The purpose of today’s blog is to wish a very Happy Birthday to Michigan Man Butch Woolfolk. Harold E. “Butch” Woolfolk was born on this day in Milwaukee, Wisconsin. Woolfolk grew up to be an outstanding high school athlete. He was a record-setting football player and track man at Westfield High School in Westfield, New Jersey. Bo Schembechler got him on his radar and the rest is Michigan Football History!
(Note: Butch Woolfolk (#24) runs for daylight in 1979 in a win over Indiana. Photo courtesy of the Bentley Historical Library at The University of Michigan.)
Woolfolk was one of Bo’s top recruits in 1978 and the talented Woolfolk got off to a good start. He logged 77 carries and gained 359 yards for an average of 4.7 yards per carry in his first year at Michigan. He actually started two games as a freshman. Butch lettered on a team that finished at 10 wins and 2 losses. The Wolverines also tied for the Big Ten Championship with a record of 7 wins and 1 loss. Woolfolk was off to a good start in Ann Arbor. He also joined the Michigan Track team so that he could work on his speed and endurance. Good idea!
Butch Woolfolk started five more games as a sophomore, but probably could have started more if he was a little more physical at the point of contact. He liked to run around people more than he liked to run over them. So, Bo didn’t always like Butch on the field. Woolfolk still gained 990 yards on 191 carries. He averaged 5.2 yards per carry and scored a league-high 13 touchdowns for the Wolverines in 1979. Butch had an outstanding year, but the demanding Schembechler wanted more! Even with Bo nipping at his heels, Woolfolk was good enough to earn first-team All-Conference honors. Michigan finished with a final record of 8 wins and 4 losses that year. Unfortunately, the Wolverines slipped to third in the conference with a record of 6-2-0.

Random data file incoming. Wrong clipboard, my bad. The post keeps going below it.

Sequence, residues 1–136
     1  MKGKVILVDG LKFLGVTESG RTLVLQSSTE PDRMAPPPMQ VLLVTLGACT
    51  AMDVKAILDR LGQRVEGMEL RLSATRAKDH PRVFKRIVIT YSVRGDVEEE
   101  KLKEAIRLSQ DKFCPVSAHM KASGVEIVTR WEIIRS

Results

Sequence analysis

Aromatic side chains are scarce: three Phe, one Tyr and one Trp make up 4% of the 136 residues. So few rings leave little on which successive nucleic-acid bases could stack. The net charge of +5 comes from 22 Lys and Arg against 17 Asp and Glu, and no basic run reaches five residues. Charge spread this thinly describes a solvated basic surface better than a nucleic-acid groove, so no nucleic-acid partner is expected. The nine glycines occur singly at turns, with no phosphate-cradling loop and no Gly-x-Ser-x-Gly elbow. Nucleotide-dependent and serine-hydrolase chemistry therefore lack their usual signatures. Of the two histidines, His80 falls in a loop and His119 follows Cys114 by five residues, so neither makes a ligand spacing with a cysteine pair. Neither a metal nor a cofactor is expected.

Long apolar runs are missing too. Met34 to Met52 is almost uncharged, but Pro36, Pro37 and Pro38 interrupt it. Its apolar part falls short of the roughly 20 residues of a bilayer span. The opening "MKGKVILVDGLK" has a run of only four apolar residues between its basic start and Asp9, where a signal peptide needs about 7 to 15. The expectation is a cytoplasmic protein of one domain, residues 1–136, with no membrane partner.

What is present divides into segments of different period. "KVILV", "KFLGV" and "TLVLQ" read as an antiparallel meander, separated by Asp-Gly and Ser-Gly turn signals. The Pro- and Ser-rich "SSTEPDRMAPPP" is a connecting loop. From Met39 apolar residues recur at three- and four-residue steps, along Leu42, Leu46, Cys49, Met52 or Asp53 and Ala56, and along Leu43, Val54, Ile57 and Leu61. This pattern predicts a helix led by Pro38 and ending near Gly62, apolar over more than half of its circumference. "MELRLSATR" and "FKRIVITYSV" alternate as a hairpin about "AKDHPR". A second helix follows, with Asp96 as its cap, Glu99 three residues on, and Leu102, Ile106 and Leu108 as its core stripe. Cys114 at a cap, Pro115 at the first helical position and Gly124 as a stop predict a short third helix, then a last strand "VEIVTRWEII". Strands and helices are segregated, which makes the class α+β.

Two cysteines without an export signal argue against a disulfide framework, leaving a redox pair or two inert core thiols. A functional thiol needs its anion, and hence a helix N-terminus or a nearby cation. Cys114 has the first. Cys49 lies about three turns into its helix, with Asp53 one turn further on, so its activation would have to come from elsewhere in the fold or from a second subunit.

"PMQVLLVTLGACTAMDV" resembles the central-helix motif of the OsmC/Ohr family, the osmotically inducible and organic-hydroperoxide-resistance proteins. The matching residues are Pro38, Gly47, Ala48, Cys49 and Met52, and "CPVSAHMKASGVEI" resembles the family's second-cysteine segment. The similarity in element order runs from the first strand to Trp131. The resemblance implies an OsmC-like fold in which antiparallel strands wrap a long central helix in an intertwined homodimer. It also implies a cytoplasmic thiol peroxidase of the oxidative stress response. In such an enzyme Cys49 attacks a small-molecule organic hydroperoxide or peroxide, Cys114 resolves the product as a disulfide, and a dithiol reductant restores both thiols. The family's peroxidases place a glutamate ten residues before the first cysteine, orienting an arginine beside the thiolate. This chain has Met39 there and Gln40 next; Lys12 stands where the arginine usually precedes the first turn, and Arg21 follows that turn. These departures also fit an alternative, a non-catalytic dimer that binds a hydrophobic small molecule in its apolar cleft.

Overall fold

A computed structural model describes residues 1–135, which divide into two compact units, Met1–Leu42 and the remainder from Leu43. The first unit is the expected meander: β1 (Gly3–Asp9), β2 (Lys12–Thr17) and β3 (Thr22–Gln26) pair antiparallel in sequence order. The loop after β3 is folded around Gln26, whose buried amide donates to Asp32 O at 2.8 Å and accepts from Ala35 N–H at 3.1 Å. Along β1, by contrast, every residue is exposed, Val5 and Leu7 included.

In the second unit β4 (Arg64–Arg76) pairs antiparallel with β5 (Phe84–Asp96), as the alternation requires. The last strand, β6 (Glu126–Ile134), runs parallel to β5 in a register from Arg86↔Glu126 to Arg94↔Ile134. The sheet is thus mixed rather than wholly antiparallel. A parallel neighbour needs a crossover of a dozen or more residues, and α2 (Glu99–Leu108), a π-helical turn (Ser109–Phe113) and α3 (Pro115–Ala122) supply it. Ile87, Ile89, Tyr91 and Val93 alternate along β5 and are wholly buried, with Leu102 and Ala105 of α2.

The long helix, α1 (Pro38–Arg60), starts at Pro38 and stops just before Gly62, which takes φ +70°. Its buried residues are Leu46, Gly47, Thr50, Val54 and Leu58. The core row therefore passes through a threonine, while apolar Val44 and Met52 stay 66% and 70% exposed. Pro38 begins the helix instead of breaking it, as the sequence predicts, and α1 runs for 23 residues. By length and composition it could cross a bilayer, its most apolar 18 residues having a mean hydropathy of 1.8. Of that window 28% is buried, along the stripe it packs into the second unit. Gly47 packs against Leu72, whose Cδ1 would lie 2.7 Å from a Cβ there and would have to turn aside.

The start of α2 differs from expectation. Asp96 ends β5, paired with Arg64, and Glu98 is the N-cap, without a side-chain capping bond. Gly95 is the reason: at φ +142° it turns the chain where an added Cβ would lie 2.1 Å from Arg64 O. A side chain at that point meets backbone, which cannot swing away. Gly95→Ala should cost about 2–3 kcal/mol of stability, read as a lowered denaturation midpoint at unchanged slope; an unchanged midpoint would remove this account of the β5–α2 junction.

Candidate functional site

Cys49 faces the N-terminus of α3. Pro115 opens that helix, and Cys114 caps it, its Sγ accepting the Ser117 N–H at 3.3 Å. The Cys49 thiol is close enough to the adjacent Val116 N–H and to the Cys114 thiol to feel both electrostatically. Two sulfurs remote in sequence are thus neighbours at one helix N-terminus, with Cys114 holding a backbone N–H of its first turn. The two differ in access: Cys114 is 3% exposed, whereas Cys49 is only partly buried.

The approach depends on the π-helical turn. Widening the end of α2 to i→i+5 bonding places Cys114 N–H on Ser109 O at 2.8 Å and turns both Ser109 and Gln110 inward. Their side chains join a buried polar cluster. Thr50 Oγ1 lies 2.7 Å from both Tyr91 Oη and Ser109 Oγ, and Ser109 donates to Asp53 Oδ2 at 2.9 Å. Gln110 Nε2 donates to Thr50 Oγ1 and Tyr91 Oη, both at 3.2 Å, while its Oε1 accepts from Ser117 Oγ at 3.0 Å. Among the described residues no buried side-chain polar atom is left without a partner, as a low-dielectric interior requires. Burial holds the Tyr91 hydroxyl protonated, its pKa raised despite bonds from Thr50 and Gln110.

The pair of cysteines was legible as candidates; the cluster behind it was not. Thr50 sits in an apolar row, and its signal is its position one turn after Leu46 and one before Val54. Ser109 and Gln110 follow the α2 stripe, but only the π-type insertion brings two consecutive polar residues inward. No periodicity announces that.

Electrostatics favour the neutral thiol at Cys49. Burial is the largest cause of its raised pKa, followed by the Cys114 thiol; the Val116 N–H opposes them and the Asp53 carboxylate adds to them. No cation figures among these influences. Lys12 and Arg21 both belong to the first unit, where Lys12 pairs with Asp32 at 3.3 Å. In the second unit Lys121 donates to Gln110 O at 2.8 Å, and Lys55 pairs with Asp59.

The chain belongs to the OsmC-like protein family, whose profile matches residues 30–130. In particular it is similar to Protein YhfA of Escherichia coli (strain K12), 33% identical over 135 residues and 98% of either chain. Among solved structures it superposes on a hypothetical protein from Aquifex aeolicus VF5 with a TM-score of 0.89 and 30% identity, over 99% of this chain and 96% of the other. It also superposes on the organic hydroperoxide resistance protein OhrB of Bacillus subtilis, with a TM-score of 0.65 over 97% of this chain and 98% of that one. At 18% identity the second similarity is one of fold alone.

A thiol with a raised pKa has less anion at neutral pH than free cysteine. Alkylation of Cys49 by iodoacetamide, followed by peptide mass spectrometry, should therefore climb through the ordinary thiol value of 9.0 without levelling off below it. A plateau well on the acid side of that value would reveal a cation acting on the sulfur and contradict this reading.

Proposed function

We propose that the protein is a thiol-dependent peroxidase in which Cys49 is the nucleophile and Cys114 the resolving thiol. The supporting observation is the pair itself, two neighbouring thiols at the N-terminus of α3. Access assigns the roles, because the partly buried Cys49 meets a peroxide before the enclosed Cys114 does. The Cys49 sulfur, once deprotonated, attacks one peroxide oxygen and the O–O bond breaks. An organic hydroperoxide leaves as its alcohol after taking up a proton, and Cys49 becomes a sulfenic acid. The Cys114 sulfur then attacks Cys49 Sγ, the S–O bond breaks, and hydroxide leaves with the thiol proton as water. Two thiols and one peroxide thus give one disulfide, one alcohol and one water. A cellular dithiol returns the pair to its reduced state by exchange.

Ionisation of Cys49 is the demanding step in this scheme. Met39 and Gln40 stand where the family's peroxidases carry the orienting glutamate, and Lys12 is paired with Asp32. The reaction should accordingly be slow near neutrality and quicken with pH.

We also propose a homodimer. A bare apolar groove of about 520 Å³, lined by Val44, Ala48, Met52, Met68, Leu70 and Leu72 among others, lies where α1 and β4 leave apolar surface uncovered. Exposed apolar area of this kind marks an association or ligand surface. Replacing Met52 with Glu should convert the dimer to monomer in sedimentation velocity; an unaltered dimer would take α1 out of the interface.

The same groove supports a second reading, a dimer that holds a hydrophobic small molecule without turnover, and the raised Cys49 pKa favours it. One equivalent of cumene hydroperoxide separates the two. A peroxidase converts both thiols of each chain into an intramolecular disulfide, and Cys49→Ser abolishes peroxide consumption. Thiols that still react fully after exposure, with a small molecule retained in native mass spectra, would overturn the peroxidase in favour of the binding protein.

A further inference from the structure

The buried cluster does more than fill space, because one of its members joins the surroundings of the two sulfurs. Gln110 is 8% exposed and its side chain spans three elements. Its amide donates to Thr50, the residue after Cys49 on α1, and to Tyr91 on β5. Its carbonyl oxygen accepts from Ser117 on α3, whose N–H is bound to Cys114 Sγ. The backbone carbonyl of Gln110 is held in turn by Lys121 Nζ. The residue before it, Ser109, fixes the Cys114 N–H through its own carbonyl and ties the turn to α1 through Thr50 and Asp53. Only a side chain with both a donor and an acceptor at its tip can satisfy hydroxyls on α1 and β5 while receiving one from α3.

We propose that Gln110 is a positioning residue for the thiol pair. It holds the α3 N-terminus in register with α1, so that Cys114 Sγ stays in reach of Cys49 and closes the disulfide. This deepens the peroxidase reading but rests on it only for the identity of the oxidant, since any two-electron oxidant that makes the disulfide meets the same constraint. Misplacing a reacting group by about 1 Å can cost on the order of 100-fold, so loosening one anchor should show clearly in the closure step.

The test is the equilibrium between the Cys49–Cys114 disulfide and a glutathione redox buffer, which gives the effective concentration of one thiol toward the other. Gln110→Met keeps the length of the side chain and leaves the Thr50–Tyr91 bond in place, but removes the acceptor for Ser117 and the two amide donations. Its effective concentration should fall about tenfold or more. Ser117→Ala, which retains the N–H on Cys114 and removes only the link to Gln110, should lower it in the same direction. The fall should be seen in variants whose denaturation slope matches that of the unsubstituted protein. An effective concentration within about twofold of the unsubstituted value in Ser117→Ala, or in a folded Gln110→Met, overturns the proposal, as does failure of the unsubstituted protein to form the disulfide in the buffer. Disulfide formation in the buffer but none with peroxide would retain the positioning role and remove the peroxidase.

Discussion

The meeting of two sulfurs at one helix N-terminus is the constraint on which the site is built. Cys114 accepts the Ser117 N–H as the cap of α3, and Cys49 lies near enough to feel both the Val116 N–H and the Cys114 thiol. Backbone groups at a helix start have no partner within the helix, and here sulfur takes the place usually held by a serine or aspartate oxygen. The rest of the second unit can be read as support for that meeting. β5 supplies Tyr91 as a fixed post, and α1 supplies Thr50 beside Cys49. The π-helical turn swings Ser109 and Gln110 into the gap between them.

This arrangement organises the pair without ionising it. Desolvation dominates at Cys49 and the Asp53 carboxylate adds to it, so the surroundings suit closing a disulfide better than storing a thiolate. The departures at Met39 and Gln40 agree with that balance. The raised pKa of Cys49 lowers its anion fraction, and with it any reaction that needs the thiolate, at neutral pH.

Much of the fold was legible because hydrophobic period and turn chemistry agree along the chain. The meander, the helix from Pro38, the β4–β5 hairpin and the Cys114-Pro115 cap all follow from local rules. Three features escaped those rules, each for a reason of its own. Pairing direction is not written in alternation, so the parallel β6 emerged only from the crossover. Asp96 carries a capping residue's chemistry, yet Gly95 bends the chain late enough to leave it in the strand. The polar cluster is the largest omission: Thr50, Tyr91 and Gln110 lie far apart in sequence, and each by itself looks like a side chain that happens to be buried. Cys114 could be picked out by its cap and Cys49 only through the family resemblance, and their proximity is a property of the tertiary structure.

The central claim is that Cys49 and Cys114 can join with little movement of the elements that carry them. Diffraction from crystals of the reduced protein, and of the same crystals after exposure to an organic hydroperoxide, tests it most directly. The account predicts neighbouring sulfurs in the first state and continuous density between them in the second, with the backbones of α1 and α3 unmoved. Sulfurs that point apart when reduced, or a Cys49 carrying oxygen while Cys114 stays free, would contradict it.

The 1980 season was a big challenge for Bo, for Butch Woolfolk and for Michigan. After Michigan lost four of five games dating back to 1979, Bo scrapped his option offense and went to a more diversified attack that still featured power running, but also showcased the throwing arm of John Wangler and the speed and catching ability of Anthony Carter. The “new” offense got off to a rough start and the Wolverines lost to South Carolina by a score of 14-17. After that, it was lights out on both sides of the ball! Michigan won nine straight games, captured the Big Ten Championship and earned a berth in the 1981 Rose Bowl.
After the “bugs” in the new offense got worked out, Butch Woolfolk really took off! He rushed for 1,042 yards and raised his average yards per carry from 5.2 in 1979 to 5.3 in 1980. He scored 8 more touchdowns and earned All-Big Ten Honors for the second straight season. Ah, but the best was yet to come. Michigan did something in January 1981 that no Bo Schembechler team had ever done! The Wolverines won the Rose Bowl and gave Bo a very nice Happy New year’s gift! Butch Woolfolk continued his outstanding play and was named the MVP of the 1981 Rose Bowl. He was running over, around and through people so Bo was liking Butch a lot more. Life was good for Bo, Butch, and Wolverine Nation!